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  • MUSIC ALONG THE RAPIDAN: Civil War Soldiers, Music, and Community during Winter Quarters, Virginia by James A. Davis
  • Matthew E. Stanley
MUSIC ALONG THE RAPIDAN: Civil War Soldiers, Music, and Community during Winter Quarters, Virginia. By James A. Davis. Lincoln: University of Nebraska Press. 2014.

When Ken Burns’s The Civil War aired in the fall of 1990, its narrative, imagery, and lyricism captivated the nation, as it became the most watched television program in the history of public broadcasting. Narrated by a range of voices—regal inflections, grim baritones, and regional vernaculars that included David McCullough, Sam Waterston, Morgan Freeman, Garrison Keillor, Julie Harris, and Jason Robards—sonic elements were at the center of its popularity. But it was The Civil War’s music, particularly the signature (and modern) piece, “Ashokan Farewell,” that provided the emotional pulse of the series. The soundtrack introduced countless late-twentieth-century laypeople to mid-nineteenth-century music, creating a type of general public around a sensory experience. In Music Along the Rapidan: Civil War Soldiers, Music, and Community during Winter Quarters, Virginia, musicologist James A. Davis explores that relationship between sounds and people during the war itself.

A case study, Music Along the Rapidan examines the link between music and community as the Union Army of the Potomac and Confederate Army of Northern Virginia glowered at one another across Virginia’s Rapidan River during the winter encampment of 1863–64. Davis begins with a simple premise: music is a social process, and who we are and where we are listening is just as important as what we hear. Indeed, Civil War camps combined downtime with high musical literacy, soldiers with civilians, officers with enlisted men, and—especially in the case of northern armies—considerable social diversity. Music was ubiquitous in the form of field musicians, regimental bands, religious hymns, minstrel shows, and campfire string quartets. It could be a bureaucratic routine, a communal ritual, and a deeply personal behavior, Davis argues. Music was also functional, acting as an emotional release, an instrument of order, a means of grieving or entertaining, a source of nationalism, and a mode of class delineation. In short, “musicking” was an identity-shaping experience, according to Davis. It was both transformed and transformative, and its contours reveal much about nation, class, race, and religion during the Middle Period.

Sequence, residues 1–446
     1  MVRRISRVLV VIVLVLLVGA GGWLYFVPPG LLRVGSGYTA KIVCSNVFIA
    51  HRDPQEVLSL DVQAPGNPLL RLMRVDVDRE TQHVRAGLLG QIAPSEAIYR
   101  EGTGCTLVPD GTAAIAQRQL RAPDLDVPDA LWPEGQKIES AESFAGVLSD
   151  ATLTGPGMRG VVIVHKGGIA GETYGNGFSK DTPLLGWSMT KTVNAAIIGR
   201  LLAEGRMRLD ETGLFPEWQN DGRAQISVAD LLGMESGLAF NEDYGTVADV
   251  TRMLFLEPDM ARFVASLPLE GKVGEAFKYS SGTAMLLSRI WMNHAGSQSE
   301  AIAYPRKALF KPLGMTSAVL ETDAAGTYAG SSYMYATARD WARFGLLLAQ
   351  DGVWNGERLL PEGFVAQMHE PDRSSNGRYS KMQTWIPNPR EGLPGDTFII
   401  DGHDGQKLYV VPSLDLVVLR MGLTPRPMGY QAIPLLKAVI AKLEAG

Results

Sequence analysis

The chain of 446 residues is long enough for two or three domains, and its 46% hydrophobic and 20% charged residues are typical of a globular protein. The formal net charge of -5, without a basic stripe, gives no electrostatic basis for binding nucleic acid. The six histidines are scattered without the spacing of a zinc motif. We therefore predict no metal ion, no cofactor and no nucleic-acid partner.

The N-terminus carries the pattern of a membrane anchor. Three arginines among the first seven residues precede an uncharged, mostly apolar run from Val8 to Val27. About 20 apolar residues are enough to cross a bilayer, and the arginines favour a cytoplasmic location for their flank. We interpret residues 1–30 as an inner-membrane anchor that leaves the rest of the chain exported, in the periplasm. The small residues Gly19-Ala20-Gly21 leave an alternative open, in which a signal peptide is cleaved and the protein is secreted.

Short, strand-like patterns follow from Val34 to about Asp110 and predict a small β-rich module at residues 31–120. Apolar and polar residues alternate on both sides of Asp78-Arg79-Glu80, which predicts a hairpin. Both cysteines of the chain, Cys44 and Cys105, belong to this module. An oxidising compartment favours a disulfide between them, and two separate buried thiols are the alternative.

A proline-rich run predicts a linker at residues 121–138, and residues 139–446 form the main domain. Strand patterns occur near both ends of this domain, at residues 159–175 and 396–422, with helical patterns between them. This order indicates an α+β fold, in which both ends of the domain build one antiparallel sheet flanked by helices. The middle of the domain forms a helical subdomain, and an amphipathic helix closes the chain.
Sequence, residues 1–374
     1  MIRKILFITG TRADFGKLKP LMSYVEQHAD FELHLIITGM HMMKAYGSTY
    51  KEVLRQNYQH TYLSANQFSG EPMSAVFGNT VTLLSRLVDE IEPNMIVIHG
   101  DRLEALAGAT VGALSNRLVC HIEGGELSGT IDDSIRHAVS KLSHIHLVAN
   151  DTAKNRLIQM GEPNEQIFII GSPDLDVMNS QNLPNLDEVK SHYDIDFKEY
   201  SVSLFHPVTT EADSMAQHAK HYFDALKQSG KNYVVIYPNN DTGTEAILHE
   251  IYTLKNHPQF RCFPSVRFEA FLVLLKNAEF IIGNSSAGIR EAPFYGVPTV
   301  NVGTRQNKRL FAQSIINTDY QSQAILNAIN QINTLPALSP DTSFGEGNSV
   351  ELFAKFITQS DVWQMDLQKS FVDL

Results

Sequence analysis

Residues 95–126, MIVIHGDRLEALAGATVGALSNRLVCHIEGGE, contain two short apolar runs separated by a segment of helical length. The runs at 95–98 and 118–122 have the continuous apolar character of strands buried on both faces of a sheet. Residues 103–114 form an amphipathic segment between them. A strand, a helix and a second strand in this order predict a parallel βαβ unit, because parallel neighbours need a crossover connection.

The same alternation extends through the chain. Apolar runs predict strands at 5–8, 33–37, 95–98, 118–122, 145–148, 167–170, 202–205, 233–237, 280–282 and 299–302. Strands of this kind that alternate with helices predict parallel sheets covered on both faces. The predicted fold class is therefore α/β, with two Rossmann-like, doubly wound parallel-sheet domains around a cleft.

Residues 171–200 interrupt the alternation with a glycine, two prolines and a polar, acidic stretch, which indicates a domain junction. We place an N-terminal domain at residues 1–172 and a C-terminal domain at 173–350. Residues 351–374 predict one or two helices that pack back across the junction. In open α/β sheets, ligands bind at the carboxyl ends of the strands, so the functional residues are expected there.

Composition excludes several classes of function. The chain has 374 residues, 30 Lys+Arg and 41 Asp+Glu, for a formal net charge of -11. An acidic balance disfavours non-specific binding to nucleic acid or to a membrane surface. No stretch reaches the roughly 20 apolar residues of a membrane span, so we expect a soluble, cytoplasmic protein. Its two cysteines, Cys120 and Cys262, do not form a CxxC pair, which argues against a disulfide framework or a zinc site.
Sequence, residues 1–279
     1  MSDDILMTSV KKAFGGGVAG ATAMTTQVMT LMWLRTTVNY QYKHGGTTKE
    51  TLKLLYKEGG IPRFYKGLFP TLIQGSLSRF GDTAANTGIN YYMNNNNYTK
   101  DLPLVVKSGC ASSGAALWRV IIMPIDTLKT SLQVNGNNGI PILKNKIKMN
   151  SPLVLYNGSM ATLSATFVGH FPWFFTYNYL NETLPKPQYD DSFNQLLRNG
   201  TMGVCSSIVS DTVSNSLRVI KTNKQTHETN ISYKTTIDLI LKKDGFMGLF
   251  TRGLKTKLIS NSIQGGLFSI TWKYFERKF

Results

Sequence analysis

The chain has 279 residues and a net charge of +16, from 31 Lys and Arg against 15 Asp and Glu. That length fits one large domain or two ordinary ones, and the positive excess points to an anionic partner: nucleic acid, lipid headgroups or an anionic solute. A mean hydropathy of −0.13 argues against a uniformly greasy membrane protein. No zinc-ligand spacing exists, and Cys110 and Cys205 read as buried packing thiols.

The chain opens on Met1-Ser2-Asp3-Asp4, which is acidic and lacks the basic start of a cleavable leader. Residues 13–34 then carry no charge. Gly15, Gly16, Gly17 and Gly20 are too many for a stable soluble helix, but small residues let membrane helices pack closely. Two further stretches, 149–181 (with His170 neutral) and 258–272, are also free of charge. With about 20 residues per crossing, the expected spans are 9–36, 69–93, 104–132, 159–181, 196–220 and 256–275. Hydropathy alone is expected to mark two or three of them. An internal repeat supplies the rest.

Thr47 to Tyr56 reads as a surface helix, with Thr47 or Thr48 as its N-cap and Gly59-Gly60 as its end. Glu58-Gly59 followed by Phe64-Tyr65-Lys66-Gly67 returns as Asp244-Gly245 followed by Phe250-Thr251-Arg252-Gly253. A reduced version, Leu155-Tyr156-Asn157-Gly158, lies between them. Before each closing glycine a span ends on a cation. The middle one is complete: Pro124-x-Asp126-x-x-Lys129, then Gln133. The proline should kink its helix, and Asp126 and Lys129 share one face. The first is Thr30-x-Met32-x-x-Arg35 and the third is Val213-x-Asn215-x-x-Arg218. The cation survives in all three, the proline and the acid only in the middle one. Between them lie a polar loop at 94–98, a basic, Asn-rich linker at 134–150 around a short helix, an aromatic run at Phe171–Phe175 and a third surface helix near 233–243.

Music Along the Rapidan’s strongest and most alluring discussion is that of the relationship between music and common soldiers. Through daily drill, dress parade, and funerary ritual, music “created” soldiers out of citizens. It also brought soldiers together, as the guitar and the fiddle, the bugle and the banjo worked as democratizing forces within relatively democratic armies, unifying and consoling “diasporic” communities. [End Page 165] Universal yet also deeply personal, soldiers’ music could be confrontational, pragmatic, or used to negotiate between identities, such as when it functioned as a substitute for domestic values. Davis suggests that while music mostly served as a creolized leveler and centripetal force of identity formation, it also disclosed social hierarchies and class barriers, in the form of officers’ balls, and racial boundaries, evidenced by the exclusion of African Americans. More than other groups, the all-purpose brass band proved the most successful at performing the many social functions assigned to Civil War musicians, providing an “intersection” of musical communities. Ultimately, Davis maintains that the Civil War changed soldiers, and music both influenced and was influenced by that change.

Although his evidence is more than ample, Davis’s work suffers at times from repetition. From the perspective of a historian, Music Along the Rapidan also appears thin at times on historical context, particularly on themes such as ethnicity and nationalism (although his analysis of “community” is meticulous). Other blemishes seem inherent to case studies. For example, while Davis’s subjects are overwhelmingly from the Northeast and Virginia, greater regional variation and analysis might reveal differences in music and community between eastern and western armies. Furthermore, while recognizing that it was not the aim of his study, it would have been fascinating to see the function of music not only in repose, but also on campaign and in the heat of battle. Incisive, well-researched...


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pp. 165-166
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